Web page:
"All prisoners of conscience must be freed. The existing security apparatus has to be dismantled and replaced by one with specific jurisdiction and which operates according to law," the joint statement said.
Contest of wills
On the eve of the protests, witnesses said security forces were setting up checkpoints in areas surrounding Damascus, checking people's ID cards.
The demonstrations are a test of whether Assad's decision to lift emergency law, imposed by his Baath Party when it took power in a coup 48 years ago, will defuse mass discontent with repression and corruption.
A spokeswoman for Syria's information ministry says security forces could open fire if protesters shoot first
Haitham Maleh, who heads the Syrian Human Rights Association, a civil-rights group, told Al Jazeera that the regime's reforms only went a fraction of the way towards satisfying the protesters' demands for more freedom, democracy and the legalisation of opposition parties.
"The government will not do anything, I think, and the strikes will get bigger and bigger," he said.
Al Jazeera's Amin said that because one of the conditions for the newly gained right to protest was to request a permit, today's protests fell outside of the changes.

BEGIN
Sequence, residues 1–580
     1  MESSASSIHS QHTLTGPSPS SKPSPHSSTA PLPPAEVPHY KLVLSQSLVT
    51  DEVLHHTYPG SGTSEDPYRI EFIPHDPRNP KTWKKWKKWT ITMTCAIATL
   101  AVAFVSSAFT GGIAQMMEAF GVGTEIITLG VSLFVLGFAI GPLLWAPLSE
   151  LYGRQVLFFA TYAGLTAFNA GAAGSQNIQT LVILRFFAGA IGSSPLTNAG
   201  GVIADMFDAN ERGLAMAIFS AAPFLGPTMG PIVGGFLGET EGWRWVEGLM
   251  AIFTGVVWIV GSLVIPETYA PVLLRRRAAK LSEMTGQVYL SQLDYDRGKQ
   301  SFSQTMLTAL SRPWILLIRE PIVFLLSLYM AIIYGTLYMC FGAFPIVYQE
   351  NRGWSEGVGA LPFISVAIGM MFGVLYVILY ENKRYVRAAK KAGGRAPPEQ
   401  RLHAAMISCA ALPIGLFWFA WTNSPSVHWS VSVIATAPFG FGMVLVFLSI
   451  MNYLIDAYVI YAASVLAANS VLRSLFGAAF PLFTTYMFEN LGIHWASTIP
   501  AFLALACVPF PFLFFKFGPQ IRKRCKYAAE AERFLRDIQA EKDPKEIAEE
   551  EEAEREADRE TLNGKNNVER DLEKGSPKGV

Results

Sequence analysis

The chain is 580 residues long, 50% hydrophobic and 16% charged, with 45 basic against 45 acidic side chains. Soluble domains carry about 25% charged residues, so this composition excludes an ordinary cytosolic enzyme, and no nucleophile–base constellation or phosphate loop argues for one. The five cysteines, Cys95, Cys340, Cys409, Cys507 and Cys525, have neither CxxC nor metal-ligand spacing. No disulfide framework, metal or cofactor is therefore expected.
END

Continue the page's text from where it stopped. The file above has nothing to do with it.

"There was no time for anyone to ask for permission for today," she said.
Aided by his family and a pervasive security apparatus, Assad, 45, has absolute power in Syria.
More than 220 protesters have been killed since pro-democracy protests erupted on March 18 in Daraa, rights campaigners say.
A decree Assad signed on Thursday that lifted emergency law is seen by the opposition as little more than symbolic, since other laws still give entrenched security forces wide powers.
Robert Fisk, the Middle East reporter, analyses the Syrian uprising in interview to Al Jazeera
The authorities have blamed armed groups, infiltrators and Sunni Muslim armed groups for provoking violence at demonstrations by firing on civilians and security forces.
Commenting on the Syrian situation, Robert Fisk, the veteran Middle East reporter for the UK's Independent newspaper, says Assad appears to be "stepping backwards" .
"Once you start giving these concessions, the crowds on the streets want more and it will always end at the same demand: end of the dictator," he told Al Jazeera from the Lebanese capital Beirut on Friday.
With his belated concessions, Assad is "is now enduring the failures that he committed 11 years ago", Fisk said.
While crowds in Damascus and Deraa are getting bigger, he said Assad will not be fleeing Syria yet.
"He's in a lot of trouble and there must be a lot of talk in the presidential palace tonight," he said.
Washington urged Syria to stop the violence against protesters and William Hague, the British foreign secretary, said emergency law should be "lifted in practice not just in word".
Western and other Arab countries have mostly muted their criticism of the killings in Syria for fear of destabilising the country, which plays a strategic role in many of the conflicts in the Middle East.
Syria is technically at war with Israel but has kept its Golan Heights front quiet since a 1974 ceasefire.